Biden reverses Trump rule on ‘beautiful’ old lightbulbs and bans non-efficient bulbs

Andrew Feinberg
Wednesday 08 December 2021 16:10
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<p>Former president Donald Trump during an announcement in 2017</p>

Former president Donald Trump during an announcement in 2017

A new proposed regulation from the Biden administration is casting a dark cloud over the future of one of former President Donald Trump’s favourite topics: inefficient light bulbs.

The proposed Department of Energy rule released on Friday would use the department’s authority under the 1975 Energy Policy and Conservation Act to establish a ban on the sale of light bulbs that fail to meet a minimum energy efficiency standard of producing 45 lumens of light for every watt of energy used by a given light.

The energy department’s move marks a departure from the course charted by the Trump administration, which declined to implement any such regulations at the behest of former president Donald Trump, who made opposition to new energy efficiency requirements for light bulbs a frequently-heard part of his rambling, free-associative campaign rally speeches.

“Those new expensive light bulbs. I said, ‘What happened to the old ones? They’re better.’ They said, ‘They were mandated out.’ I said, ‘Why?’ Nobody could explain why,” Mr Trump said, adding later: “We’re letting them back. The light bulbs are back”.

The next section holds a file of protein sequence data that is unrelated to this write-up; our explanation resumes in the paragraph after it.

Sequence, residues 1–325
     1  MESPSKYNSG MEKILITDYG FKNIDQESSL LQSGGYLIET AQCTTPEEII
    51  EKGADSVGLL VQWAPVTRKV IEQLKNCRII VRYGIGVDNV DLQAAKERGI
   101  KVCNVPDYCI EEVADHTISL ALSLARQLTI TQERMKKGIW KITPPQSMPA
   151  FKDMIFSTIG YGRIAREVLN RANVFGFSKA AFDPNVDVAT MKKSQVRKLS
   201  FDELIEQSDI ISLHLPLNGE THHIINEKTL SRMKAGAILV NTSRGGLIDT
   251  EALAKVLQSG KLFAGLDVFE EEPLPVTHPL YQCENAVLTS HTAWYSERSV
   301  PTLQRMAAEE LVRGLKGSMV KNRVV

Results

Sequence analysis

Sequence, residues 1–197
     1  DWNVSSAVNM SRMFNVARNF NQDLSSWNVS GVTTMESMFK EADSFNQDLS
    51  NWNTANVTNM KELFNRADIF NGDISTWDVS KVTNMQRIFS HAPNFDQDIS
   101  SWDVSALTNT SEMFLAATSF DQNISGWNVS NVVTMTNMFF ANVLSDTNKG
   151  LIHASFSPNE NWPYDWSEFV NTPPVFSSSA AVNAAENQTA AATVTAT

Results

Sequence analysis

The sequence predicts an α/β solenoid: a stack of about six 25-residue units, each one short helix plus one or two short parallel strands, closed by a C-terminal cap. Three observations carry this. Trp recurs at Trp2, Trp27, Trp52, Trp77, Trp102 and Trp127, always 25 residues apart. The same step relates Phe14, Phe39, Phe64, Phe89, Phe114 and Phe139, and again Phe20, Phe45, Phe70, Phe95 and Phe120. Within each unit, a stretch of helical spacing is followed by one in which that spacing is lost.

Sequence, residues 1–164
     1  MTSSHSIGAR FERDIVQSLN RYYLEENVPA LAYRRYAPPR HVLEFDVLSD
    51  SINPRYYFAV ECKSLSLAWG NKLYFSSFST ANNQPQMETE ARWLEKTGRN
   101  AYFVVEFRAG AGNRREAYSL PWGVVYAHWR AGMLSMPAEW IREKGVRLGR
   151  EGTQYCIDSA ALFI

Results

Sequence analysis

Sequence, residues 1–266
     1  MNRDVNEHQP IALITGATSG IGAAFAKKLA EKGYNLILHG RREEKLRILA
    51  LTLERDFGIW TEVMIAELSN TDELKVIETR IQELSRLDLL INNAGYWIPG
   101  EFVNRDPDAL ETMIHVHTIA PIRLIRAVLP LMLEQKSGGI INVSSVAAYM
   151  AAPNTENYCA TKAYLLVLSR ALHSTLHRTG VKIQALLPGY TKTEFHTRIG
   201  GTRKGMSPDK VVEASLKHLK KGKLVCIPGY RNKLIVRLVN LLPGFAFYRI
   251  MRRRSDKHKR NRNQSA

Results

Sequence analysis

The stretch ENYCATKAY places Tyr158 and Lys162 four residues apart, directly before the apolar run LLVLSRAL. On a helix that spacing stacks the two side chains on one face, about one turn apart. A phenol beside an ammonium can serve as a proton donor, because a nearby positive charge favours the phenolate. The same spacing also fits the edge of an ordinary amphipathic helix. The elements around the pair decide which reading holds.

At a December 2019 rally in Battle Creek, Michigan, Mr Trump also claimed that “a lot of people” had been complaining about the cost of more energy efficient bulbs.

“If you want to buy the newer kind, you can. And if you want to look very handsome or beautiful by buying the older kind like I do. So we’re bringing back the old light bulb ... it’s  much less expensive. It probably gives a better light, but whatever it is … you’ll be able to spend a lot less money for a light bulb,” he said.

The energy department is separately trying to unwind a Trump-era regulation which excluded certain kinds of light bulbs from more efficient energy standards, having issued a proposed rulemaking in August to do so.

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